Life's funny in that rational thought can't always overpower what it should. Man says to himself over and over and over that mind betters matter every time, but things don't always work out that way. Panic attacks, for instance. Sometimes the common-sense part of the mind, whatever part that is as you don't see it labeled on a medical diagram (parietal lobe, temporal lobe, hypothalamus, small-section-that-prevents-owner-from-j
Wilson has panic attacks occasionally. They are not fun, and he would much prefer not to have panic attacks occasionally. He would much prefer not to have panic attacks at all.
He doesn't know for sure what sets them off, but they've been around for awhile, a few in high school even. He hasn't had one in front of House before, and he isn't inclined to. He thinks having a panic attack in front of House would be even less fun than having one anywhere else.
Unfortunately, what with things not always working out the way they should, Wilson gets unlucky.
He's sitting on House's couch some Friday evening; he's got his feet up on the coffee table, and House is sprawled beside him drinking a beer with his feet on the coffee table too, almost a perfect mirror image, in that special way that should be creepy but isn't because that's the way good friends tend to operate. They're watching the end of a Hitchcock movie he caught on TBS because he's had a shitty day, but he knows that he can almost count the seconds until House changes the channel. House has never been able to stand Vertigo for long, but Wilson's always liked it. Something about old movies appeals to him. House has always ventured the notion that he might harbor an unhealthy attraction to Jimmy Stewart, but he shoots that down.
They're not talking, and neither of them has said a word for half an hour, because they were bickering over House's latest insane scheme. House called him a spineless shit-faced saint or something along those lines (possibly cruder), and he said something about House needing to build relationships with actual human beings and maybe needing to have more than a drink with the nutritionist. Things escalated from there, but they'll talk again in an hour or so. House'll start playing the piano sometime, and afterward Wilson will probably go back to the hotel.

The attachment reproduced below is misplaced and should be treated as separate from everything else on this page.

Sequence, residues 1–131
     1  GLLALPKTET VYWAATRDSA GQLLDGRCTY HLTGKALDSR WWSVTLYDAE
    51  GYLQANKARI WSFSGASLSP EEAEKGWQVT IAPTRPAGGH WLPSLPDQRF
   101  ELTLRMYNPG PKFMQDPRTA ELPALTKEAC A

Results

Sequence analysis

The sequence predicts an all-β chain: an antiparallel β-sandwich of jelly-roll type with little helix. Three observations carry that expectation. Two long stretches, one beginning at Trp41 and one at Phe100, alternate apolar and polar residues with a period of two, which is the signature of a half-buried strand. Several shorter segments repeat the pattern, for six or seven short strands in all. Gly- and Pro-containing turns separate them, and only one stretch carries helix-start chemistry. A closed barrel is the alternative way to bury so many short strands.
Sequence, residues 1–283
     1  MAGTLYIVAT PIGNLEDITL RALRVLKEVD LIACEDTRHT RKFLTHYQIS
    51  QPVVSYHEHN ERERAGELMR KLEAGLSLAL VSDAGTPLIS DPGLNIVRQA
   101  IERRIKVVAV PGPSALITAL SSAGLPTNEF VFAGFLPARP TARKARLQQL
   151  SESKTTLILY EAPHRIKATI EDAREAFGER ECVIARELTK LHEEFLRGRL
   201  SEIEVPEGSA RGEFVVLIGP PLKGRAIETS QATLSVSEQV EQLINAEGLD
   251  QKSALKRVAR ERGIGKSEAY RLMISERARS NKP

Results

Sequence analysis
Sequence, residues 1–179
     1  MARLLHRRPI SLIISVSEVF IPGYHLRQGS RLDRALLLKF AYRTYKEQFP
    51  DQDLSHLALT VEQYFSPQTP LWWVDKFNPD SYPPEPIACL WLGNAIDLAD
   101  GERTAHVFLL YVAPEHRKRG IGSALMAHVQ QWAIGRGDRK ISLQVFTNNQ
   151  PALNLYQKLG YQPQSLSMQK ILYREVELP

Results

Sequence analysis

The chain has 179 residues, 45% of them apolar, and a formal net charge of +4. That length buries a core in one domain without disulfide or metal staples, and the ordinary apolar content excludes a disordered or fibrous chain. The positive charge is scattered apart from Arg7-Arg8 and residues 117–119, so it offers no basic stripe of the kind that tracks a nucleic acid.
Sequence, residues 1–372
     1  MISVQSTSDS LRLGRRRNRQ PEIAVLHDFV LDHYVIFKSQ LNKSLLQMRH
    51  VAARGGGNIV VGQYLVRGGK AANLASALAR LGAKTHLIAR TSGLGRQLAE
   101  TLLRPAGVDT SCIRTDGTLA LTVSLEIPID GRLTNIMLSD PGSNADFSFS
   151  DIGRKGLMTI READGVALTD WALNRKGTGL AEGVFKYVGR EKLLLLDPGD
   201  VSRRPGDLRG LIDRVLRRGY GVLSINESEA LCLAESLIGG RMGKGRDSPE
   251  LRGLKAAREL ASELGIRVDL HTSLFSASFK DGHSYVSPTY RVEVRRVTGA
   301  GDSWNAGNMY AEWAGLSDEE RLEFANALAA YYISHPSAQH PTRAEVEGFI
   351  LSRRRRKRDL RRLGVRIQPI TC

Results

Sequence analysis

But then House turns to him abruptly, with a look on his face that Wilson doesn't see very often, and sets into a new spiel. He's seriously angry, angrier than Wilson thought he was before maybe. Who knows? Maybe it's a combination of the day's stress and the fact that he thought he could get away without taking the antidepressants. He can feel pressure building up in his chest, and before he knows it he is finding it difficult to breathe, which is eerily familiar.
He bends down and puts his head between his knees a little and tries to breathe deeply. There are a few tears sliding down his cheeks—that's what always happens to him, and it's the most embarrassing part. His eyes are heavy, and there's an ache forming in his stomach. His heart's racing. He wonders if he has the presence of mind to take his pulse. He's not in any danger but he is curious.
He's still fighting to breathe normally when he realizes that House left the room at some point, because House has returned. House pushes a glass of cold water into his hands and says a grumbled something about drinking it slowly, along with another hard-to-follow remark about calming down, and Wilson's shoulders are shaking and his fingers are trembling so he can't hold the glass properly. House takes it back, sets it on the table where their feet were minutes ago.
"I'm okay," Wilson says, but that's ridiculous. His voice keeps cracking and his heart keeps racing and he isn't sitting up yet.
"You're an idiot," House says, and House is, as usual, right.
When he does calm down, half an hour later, and his heart rate returns to normal, he doesn't meet House's eyes and House makes no effort to look at him. They exchange a few clipped sentences—does he do that often or only to impress the chicks, well he's done it a few times, has he identified any triggers, probably stress but he's not really sure. They're watching the end of the movie like it's continued to hold their interest.
Wilson drinks the water eventually, though he would prefer alcohol. House wends his way to the piano bench once the glass is drained, where he plays quietly for awhile until Wilson dozes off, his plans to return to the hotel forgotten, his clothes from work rumpled and his briefcase abandoned by the door.
He shifts Wilson on the couch when he's snoring, loosens his tie and then decides to remove it altogether. Though it's not something he would normally do, he unearths a blanket from the hall closet and covers Wilson up.
Wilson, in the morning, vaguely remembers someone standing beside him, hesitantly smoothing the hair from his forehead. But the sensation is hazy and could be nothing but a dream.